United States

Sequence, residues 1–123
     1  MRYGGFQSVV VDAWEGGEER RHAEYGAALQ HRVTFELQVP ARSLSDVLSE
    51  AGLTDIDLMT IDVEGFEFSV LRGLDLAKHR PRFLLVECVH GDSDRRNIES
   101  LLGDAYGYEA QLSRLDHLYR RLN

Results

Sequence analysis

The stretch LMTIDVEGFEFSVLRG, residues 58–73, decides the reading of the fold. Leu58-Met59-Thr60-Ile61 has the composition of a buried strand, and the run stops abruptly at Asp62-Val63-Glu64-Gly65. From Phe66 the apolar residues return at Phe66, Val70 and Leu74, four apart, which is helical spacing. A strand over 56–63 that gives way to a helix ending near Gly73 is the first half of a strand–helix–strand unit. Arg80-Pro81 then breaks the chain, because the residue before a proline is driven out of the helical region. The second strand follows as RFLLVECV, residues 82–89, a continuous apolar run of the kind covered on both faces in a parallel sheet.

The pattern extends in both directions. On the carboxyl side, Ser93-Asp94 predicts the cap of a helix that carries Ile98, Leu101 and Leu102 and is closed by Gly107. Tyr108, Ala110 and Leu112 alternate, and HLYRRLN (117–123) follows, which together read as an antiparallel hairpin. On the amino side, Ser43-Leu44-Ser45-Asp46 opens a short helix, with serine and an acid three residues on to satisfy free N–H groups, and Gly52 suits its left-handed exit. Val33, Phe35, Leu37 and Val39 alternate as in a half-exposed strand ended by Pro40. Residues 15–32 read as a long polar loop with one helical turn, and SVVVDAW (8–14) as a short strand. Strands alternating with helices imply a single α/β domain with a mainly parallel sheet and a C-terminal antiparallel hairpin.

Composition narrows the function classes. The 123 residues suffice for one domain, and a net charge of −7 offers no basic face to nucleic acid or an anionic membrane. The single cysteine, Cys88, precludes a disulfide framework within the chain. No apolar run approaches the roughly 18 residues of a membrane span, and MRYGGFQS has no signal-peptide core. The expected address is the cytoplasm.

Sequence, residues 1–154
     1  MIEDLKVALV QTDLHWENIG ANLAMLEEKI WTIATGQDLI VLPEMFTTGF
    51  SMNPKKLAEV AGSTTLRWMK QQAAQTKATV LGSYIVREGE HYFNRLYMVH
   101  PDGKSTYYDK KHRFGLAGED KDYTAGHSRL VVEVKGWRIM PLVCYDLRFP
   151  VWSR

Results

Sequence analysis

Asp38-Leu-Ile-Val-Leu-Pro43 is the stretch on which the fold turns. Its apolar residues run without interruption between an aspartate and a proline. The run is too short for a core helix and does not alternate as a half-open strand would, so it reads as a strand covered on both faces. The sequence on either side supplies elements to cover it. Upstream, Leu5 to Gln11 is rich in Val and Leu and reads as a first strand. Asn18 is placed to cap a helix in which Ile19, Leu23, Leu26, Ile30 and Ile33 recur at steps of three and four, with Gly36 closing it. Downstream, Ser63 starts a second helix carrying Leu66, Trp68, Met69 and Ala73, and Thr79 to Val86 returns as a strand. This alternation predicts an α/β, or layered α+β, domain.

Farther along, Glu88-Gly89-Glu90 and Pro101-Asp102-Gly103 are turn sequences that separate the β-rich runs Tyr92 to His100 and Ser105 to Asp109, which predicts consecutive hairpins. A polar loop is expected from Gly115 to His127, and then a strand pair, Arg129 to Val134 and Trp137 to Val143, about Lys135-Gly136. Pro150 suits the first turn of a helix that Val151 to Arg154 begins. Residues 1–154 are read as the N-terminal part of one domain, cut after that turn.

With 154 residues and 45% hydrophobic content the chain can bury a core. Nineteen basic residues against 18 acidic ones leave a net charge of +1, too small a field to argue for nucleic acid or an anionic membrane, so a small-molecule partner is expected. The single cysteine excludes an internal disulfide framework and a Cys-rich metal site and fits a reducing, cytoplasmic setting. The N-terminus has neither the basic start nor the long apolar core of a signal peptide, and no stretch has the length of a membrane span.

Press freedom issues in this period were dominated by several recurring themes, related to government secrecy and access to official sources, financial and legal issues related to the growth of online media (both traditional news media and new social media), and the safety of foreign correspondents, especially in the new Mid East hotspots. Nevertheless, this period was dominated by the controversy over WikiLeaks, site that revealed thousands of confidential US diplomatic documents, which US Government said jeopardized foreign relations with other Governments around the world. Late last year US government put pressure on WikiLeaks website's host server, Amazon.com, to shut down the site. The website's host Amazon.com blocked access to WikiLeaks after US officials condemned the leak of classified government documents that have provided unprecedented access to detailed information from official US sources, much of it embarrassing to leading public figures. The Justice department also ordered Twitter to hand over details of users linked to WikiLeaks. A district court in Alexandria, Virginia, sent Twitter a subpoena signed by federal magistrate Theresa Buchanan on 14 December asking for “relevant” information about users suspected of links with WikiLeaks for an “ongoing criminal investigation.” The subpoena requests information dating back to November 2009 about WikiLeaks founder Julian Assange, soldier Bradley Manning, Rop Gonggrijp, a Dutch citizen who used to work with WikiLeaks; Jacob Appelbaum, a US computer programmer; and Birgitta Jonsdottir, a member of the Icelandic parliament and former WikiLeaks volunteer. The range of information requested from Twitter by the Department of Justice is extraordinary. It includes all the records of Tweets and conversations between users, IP addresses, email addresses and postal addresses, and all “means and source of payment” including bank account and credit card details. Access to exchanges between users and the possibility of accounts being jointly managed mean investigators will have the chance to identify new “suspects.” On 2 March that the US Army filed 22 new charges against Army private Manning. His lawyer, David E. Coombs tweeted that the most serious of the new charges was “Aiding the enemy - giving intelligence to the enemy,” which could potentially result in the death penalty or life behind bars. Other charges, according to The New York Times, include “wrongfully causing intelligence to be published on the Internet, knowing that it was accessible to the enemy, multiple counts of theft of public records, transmitting defense information and computer fraud.” Some accuse the US of a double standard after an aborted investigation into government officials who destroyed CIA videos recordings of prisoner interrogations in Guantanamo and a secret prison in Thailand. In November 2010 a federal prosecutor decided not to file charges against any of the CIA officers who destroyed 92 videos of interrogations in secret CIA prisons. The decision was considered by many a setback to the search for truth in a matter of public interest and to the public's right of access to official information. This decision is all the more incomprehensible as the CIA itself acknowledged in March 2009 that it destroyed the 92 videos. By not granting access to the photos and documents about the US Army’s abuses, the Obama administration reversed its original position. The memorandum on the Freedom of Information Act that the president issued on 21 January 2009, the day after Obama’s inauguration, said that “speculative” or “abstract fears” were not sufficient reasons to justify excessive confidentiality and classification. In January, shortly before controversial portions of the USA Patriot Act were set to expire, Sen. Patrick Leahy (D-VT) reintroduced a reauthorization bill that would restore protections for reader privacy that were eliminated by the Patriot Act in 2001. The Leahy bill, S. 193, was approved by the Senate Judiciary Committee in 2009 when Congress last considered reauthorization, but never received a vote by the full Senate. The expiring provisions of the Patriot Act were extended for one year without any changes. S. 193 provides important safeguards for library records, limiting FBI searches to the records of people who are "agents of a foreign power," including suspected terrorists, and people known to them. This heightened protection would eliminate the danger of the federal government using its broad search power to conduct fishing expeditions into what people are reading. The Patriot Act currently authorizes the FBI to search any records that are "relevant" to a terrorist investigation, including the records of people who are not suspected of criminal conduct. The Associated Press conducted a survey which found that efforts to boost openness in government often are being thwarted by old patterns of secrecy. The survey did find signs of progress in a number of states, especially in technological efforts to make much more information available online. But there also are restrictions being put in place for recent electronic trends, such as limits on access to officials' text messages. A Knight Open Government Survey by the National Security Archive also found that nearly half of federal agencies lag in responding to FOIA information requests. On his first day in office in January 2009, President Barack Obama issued a presidential memorandum instructing federal agencies to “usher in a new era of open government.” In March 2010, however, the 2010 Knight Open Government Survey found that only 13 out of 90 agencies had actually made concrete changes in their FOIA procedures. This year, the 2011 Knight Open Government Survey found that a few more than half of the federal agencies have complied – up from 13 to 49. Dangers to journalists covering the violence in Libya and the uprising Egypt has taken its toll on reporters recently. Journalists were directly targeted by former President Hosni Mubrarak's government during the Egyptian revolution. When CBS correspondent Lara Logan, 39, was separated from her TV crew in Cairo, Egypt, was beaten and sexually assaulted by a Cairo mob after Mubarak’s resignation. CNN’s Anderson Cooper was also seen on camera being pummeled by angry Egyptians. Since Libya's revolt began in February, the Committee to Protect Journalists has documented more than 50 attacks on the press, including two fatalities, more than 33 detentions, five assaults, two attacks on news facilities, numerous instances of equipment confiscation, three cases of obstruction, the jamming of at least two satellite news transmissions, and the interruption of Internet service. Several reporters, among them four from The New York Times, were detained in Libya and later expelled. Getty Images photographer Joe Raedle, Agence France Presse photographer Roberto Schmidt, and reporter Dave Clark were en route to Libya's eastern region when they were abducted. Four soldiers ordered the journalists out of their vehicle at gunpoint. Qatar-based Al Jazeera satellite television says four of its journalists, including a Norwegian and a Briton, were held in Tripoli after being arrested in Libya's west. Mohammed al-Nabbous, 28, who founded a Libyan online news channel, was shot dead by snipers in Saturday while Benghazi was under attack from Mr Gaddafi's forces. BBC journalists have also been arrested and tortured in Libya and an Al Jazeera cameraman was killed documenting the violence. In a victory for privacy and the rule of law, a federal appeals court on March 21 reinstated a landmark lawsuit challenging a statute (the FISA Amendments Act (FAA)) that gives the executive branch virtually unchecked power to collect Americans' international e-mails and telephone calls. The ACLU filed the lawsuit on behalf of a broad coalition of attorneys and human rights, labor, legal and media organizations whose work requires them to engage in sensitive and sometimes privileged telephone and e-mail communications with colleagues, clients, journalistic sources, witnesses, experts, foreign government officials and victims of human rights abuses located outside the United States. A federal district court dismissed the case in August 2009, ruling that the plaintiffs did not have the right to challenge the new surveillance law because they could not prove that their own communications had been monitored under it. On March 21 the appeals court reversed the lower court decision, finding that the plaintiffs have standing to challenge the law even though they cannot show to a certainty that the government is acquiring their communications. Several press freedom groups expressed concern over the inauspicious beginning in the working relationship between Florida Governor Rick Scott and the press assigned to cover official events. IAPA called for "clear rules" by the state that meet constitutional obligations with regard to information. A group of correspondents covering government acts in the state capital of Tallahassee, filed complaints with the Florida Society of News Editors citing unprecedented controls over access to the governor, his public activities, and discrimination in the distribution of public information. Scott assumed the governorship on January 4. The journalists cited a series of incidents, including the governor's team's failure to advice about upcoming public events, limitations and denial of access to official acts, and discrimination in the selection of which members of the press and media attend events. They also reported delays in the distribution of official information. Two journalists from the Moscow-based broadcast outlet Russia Today were arrested on November 20 2010 while covering a protest against the U.S. military training center formerly known as the "School of the Americas" at Fort Benning, Georgia. On-air correspondent Kaelyn Forde and cameraman Jon Conway, both of whom are U.S. citizens, were charged with unlawful assembly, demonstrating without a permit, and failing to obey police orders, according to The Associated Press. They were both held for 29 hours before each was released on a US$1,300 bond. In a video that was later posted on YouTube, officers can be seen arresting Kaelyn Forde. She repeatedly apologized to officers, said she moved when asked, and asked why she was being arrested as two officers forced her hands behind her back and put on plastic wrist cuffs. Forde later appeared on Russia Today saying she was treated aggressively by police and showed bruises on her arms from what she said was rough handling. The YouTube video shows Forde being compliant as she persisted in asking officers why she was being arrested. The Russia Today television crew was covering a nonviolent demonstration outside Fort Benning, which includes the U.S. military training center previously called the School of the Americas and now renamed the Western Hemisphere Institute for Security Cooperation. Protesters have gathered annually over the past 20 years to demonstrate against the U.S. military training facility since former School of the Americas students from El Salvador were implicated in the 1989 murders of six Jesuit priests. The number of Americans who got news and information via the internet has for the first time surpassed the printed media, according to the Pew Center for Excellence in the Media. TV news has also been impacted, including CNN which has lost a substantial share of its audience in peak time. In 2010 the number of people who used the web three times a week or more to see the news rose to 47%, compared to 40% for newspapers. Also last year, for the first time income from web publishing exceeded print advertising. Web advertising hit $25.8 billion last year, compared to only $22.8 billion for newspapers. Almost half of Americans (47%) get news on mobile devices. About 7% already have a tablet. Media ad revenue overall fell 6.4% last year, compared to 2009, while print circulation fell 5%.